Kelly, Loretta and Joseph Kelly

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    Introduction
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    Speaks of his first fiddle he bought for five dollars (which had the Stradivarius stamp on it). Joe learned the fiddle from brother John. John played at dances. Usually paid ten cents, but recalls one night when he was paid nine dollars. Story of how Joe got his second fiddle. The fiddle he has now he purchased a few years ago. Recalls early songs: Lord MacDonald's Reel, Fisher's Hornpipe, Irish Eyes are Smiling. Joe has played for 83 years.
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    Joseph, age 93, plays a waltz (from Cape Breton) on his fiddle, and an unnamed song that Joe wrote, and another waltz and the song "Speed the Plough".
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    Talks about growing flax, scutching flax, spinning thread, looms, making clothing and towels and tablecloths. Recalls that everything they wore was handmade and all food was homegrown. Speaks of farming and winter crops; buckwheat and wheat. Discusses blacksmith shops, tailor shops, and trading instead of money.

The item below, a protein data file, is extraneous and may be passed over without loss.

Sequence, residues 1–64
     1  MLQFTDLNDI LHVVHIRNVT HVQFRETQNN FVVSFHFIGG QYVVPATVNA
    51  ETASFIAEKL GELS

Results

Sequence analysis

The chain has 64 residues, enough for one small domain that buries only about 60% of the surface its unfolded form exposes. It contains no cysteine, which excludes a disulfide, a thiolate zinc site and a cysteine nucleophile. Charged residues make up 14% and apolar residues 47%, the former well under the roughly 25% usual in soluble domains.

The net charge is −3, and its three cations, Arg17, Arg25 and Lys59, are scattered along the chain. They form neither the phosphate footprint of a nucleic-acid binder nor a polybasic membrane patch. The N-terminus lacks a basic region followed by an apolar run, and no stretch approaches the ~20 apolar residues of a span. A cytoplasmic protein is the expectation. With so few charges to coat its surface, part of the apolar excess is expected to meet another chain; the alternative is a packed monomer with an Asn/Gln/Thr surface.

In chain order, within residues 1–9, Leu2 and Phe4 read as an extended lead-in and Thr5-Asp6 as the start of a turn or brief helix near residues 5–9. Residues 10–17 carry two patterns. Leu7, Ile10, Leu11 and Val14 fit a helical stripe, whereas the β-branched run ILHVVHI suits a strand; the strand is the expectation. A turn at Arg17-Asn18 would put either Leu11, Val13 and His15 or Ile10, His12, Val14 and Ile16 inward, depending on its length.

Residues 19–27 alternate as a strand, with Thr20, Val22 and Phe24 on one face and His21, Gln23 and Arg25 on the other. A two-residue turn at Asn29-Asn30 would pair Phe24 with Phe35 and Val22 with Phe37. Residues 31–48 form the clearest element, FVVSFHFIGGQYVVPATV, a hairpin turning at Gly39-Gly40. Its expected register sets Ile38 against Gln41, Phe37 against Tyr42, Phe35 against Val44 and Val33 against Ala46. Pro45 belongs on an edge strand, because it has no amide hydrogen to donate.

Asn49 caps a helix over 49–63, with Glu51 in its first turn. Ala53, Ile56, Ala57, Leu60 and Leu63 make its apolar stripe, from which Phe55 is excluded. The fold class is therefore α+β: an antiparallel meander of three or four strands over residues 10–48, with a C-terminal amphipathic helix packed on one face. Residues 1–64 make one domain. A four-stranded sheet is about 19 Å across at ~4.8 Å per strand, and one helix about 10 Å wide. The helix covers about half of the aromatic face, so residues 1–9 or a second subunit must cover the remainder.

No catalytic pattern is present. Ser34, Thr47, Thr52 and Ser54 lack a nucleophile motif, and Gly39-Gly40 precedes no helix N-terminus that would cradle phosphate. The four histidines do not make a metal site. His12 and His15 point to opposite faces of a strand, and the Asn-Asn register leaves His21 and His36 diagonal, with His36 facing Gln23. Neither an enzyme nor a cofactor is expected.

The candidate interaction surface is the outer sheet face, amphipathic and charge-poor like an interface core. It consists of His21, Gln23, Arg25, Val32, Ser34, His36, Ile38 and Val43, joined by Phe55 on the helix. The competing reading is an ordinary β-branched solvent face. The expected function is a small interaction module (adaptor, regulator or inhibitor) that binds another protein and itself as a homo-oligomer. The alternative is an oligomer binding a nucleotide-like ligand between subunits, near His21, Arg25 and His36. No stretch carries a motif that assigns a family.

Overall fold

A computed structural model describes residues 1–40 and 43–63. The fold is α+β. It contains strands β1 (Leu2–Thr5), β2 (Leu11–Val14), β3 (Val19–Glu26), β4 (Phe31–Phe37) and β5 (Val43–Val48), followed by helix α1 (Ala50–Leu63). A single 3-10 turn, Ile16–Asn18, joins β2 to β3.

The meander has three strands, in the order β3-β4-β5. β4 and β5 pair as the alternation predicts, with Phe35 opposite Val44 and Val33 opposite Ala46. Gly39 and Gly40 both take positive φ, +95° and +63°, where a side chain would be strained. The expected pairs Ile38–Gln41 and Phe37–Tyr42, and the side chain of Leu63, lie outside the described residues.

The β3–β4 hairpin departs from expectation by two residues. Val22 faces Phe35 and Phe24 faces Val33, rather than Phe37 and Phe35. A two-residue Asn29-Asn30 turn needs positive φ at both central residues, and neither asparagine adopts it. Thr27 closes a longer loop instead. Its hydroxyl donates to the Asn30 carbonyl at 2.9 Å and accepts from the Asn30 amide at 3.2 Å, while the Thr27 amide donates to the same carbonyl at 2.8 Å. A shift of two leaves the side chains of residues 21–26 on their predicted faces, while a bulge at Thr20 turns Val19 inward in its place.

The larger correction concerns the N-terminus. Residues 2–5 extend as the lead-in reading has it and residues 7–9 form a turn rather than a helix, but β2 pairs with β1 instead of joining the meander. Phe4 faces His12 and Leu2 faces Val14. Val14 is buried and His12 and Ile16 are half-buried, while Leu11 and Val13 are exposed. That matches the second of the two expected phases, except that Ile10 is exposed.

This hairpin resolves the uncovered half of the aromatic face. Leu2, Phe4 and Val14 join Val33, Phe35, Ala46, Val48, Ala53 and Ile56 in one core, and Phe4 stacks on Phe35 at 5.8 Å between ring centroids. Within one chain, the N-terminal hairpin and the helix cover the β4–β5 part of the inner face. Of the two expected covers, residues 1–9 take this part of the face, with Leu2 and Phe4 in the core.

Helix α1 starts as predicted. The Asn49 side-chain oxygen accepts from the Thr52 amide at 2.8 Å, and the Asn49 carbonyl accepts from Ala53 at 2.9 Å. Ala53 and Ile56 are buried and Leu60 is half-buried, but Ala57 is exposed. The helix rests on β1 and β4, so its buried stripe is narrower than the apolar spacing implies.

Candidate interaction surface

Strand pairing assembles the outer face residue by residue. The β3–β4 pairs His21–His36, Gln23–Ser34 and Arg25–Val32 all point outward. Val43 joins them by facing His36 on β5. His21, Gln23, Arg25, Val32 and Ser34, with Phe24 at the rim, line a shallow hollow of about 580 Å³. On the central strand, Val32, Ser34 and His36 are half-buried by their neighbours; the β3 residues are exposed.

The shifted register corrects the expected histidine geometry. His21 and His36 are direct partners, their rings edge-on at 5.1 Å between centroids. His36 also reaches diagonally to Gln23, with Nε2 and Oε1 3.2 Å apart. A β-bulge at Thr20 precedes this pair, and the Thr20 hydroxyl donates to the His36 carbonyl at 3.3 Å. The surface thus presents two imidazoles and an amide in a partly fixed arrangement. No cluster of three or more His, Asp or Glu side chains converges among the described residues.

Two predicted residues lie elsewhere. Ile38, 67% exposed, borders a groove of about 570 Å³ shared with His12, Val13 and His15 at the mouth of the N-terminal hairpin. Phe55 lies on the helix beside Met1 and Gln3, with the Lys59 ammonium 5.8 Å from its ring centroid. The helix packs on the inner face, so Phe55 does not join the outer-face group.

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    Talks about Father Duffy, born in Ireland. Relates stories of his time a priest in in Newfoundland. Speaks about Father Duffy's Well in Newfoundland and the belief in its curing powers. When he came to Prince Edward Island he was a priest for three parishes: Kinkora, Kelly's Cross, and Lot 65. Father Duffy died of pneumonia in 1840 and he asked to be buried in Kelly's Cross in front of the Church so people would pray for his soul as they passed his grave. When they built the new church, they raised Father Duffy's remains and reburied him in 1900. His body had not decayed. Joe had seen his remains and said he looked the same, "like a wax doll". Loretta's father [James Ronald Monaghan] and Joe's older brother was a pallbearer when Father Duffy was reburied. Speaks of protecting Father Duffy's current gravesite. Discusses the history of the Kelly's Cross graveyard.
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    Tells the story of the naming the corner Kelly's Cross because there was a Kelly on every road: Tommy Kelly, Edward Kelly, Jim Kelly, Patrick Kelly. The Old South Melville road, all the people were called Desablers, now the area of DeSable.